USMEF's Seng briefs Japanese media on TPP, U.S. red meat exports
The importance of the U.S.-Japanese economic relationship, particularly as it relates to U.S. agriculture and red meat exports, was highlighted by U.S. Meat Export Federation (USMEF) President and CEO Philip Seng in an address before a packed media audience in Tokyo on April 19.
“On Feb. 1, 2013, Japan rationalized its import restrictions to allow beef imports from U.S. cattle less than 30 months of age,” said Seng. “The United States appreciates the action and the way this was handled (by Japan). We appreciate how smoothly the process has gone thus far. The U.S. beef industry is committed to the Japanese market and looks forward to an even closer partnership.”
This change in Japan’s policy on beef imports is expected to contribute to a 45 percent increase in U.S. beef exports to that nation in 2013. In 2012, Japan purchased 152,763 metric tons (336.8 million pounds) of U.S. beef muscle cuts and variety meat valued at $1.03 billion.
At the same time, Japan remains the No. 1 value market and No. 2 volume market for U.S. pork, buying 455,776 metric tons (just over 1 billion pounds) valued at nearly $2 billion last year. Seng noted that while volatile weather trends can affect livestock feed costs and supplies, it is anticipated that the U.S. will see increased pork volumes available in the year ahead and continued solid pork exports to Japan, where U.S. pork has been the No. 1 imported pork for eight consecutive years.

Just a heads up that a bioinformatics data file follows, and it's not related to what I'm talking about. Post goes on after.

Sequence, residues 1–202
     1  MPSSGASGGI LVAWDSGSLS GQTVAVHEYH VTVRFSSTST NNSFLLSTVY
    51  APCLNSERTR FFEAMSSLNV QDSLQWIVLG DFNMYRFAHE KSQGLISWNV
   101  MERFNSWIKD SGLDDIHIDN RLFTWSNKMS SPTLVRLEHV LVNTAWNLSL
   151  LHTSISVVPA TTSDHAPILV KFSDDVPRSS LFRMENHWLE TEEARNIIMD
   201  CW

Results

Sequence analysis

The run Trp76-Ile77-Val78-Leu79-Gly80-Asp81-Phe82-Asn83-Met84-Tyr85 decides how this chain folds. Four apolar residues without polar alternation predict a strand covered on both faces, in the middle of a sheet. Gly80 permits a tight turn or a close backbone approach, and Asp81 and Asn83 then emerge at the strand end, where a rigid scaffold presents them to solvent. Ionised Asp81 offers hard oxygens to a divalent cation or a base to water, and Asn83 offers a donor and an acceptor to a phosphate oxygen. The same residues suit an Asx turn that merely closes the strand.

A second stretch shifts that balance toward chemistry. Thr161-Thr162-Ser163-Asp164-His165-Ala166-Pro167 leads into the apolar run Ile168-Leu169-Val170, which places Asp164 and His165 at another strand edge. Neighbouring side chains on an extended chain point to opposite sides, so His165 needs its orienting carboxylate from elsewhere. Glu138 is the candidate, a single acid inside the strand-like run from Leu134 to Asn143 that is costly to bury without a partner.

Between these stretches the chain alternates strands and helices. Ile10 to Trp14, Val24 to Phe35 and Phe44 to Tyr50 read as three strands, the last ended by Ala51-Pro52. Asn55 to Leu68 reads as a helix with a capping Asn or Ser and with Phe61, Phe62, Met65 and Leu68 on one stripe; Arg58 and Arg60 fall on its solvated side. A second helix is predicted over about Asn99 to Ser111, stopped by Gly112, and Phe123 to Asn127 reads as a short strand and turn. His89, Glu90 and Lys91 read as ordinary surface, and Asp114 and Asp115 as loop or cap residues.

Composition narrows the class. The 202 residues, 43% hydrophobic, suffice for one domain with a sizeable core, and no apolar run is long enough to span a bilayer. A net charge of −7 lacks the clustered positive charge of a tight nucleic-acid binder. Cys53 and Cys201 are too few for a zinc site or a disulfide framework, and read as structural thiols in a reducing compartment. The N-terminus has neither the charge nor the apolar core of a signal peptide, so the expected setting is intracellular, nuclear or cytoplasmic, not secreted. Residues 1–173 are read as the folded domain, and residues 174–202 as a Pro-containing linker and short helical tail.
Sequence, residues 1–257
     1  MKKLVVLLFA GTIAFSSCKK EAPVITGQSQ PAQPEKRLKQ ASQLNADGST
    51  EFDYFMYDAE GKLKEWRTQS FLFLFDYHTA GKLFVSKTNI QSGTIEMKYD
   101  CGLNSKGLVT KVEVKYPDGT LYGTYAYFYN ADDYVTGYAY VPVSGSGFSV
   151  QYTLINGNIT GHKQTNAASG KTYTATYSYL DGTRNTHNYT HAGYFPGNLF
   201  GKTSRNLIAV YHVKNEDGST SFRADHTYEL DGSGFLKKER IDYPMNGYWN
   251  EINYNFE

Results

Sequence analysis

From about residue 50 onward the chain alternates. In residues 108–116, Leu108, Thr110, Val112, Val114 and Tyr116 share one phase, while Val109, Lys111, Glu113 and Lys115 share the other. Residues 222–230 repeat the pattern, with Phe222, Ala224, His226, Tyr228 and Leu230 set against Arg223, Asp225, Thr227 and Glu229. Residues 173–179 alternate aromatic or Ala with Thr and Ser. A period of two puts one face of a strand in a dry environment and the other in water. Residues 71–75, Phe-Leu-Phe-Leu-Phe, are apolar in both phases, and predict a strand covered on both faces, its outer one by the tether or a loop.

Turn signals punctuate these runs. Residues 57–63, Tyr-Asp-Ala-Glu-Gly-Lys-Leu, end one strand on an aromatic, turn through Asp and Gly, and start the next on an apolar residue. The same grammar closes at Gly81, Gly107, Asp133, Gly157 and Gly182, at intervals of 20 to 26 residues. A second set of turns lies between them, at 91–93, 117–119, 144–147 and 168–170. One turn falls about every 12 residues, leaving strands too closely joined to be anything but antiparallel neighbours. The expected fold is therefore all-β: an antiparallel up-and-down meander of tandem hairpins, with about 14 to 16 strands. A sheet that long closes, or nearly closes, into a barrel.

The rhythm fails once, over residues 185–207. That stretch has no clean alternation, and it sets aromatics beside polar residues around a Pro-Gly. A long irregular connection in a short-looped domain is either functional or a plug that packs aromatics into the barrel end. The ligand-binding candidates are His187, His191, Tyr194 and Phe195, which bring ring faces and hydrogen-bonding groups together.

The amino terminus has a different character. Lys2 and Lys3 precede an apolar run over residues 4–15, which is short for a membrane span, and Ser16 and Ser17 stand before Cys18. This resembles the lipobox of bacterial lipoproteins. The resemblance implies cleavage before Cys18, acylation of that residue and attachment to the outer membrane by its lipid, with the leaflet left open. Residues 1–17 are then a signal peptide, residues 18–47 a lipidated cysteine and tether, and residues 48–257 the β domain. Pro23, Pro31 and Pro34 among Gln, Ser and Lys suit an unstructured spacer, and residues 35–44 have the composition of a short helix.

Seng also addressed Japan’s involvement in the Trans-Pacific Partnership (TPP). Japanese Prime Minister Abe announced Japan’s commitment to join the TPP discussions on March 15, and less than a month later, the U.S. offered its support for Japanese participation in TPP.
Fifty-five reporters representing 43 media outlets attended USMEF’s press conference in Tokyo.
“TPP is often referred to in Japan as TPP mondai (question),” said Seng. “I like to call it TPP kikai (opportunity). The USMEF and our industry strongly endorse Japan’s participation in TPP. We stress that the last word in TPP is ‘partnership.’ We regard TPP as a partnership—a collaborative effort.”
The importance of TPP, Seng noted, is that its participants represent 40 percent of global wealth and one-third of global trade. But he acknowledged that there is some reluctance expressed by members of Japan’s agricultural sector.
“I have traveled extensively around the world, and Japanese food is reputed to be the most exquisite,” said Seng. “Everywhere, the concept of umami (distinctive yet subtle Japanese flavor) is in fashion. The United States, Europe, Canada, Australia, all around the world — countries would love to have the reputation that exists for Japanese food. This (TPP) is a huge opportunity for Japanese farmers to build on the excellent reputation of Japanese food with their farm products.” — WLJ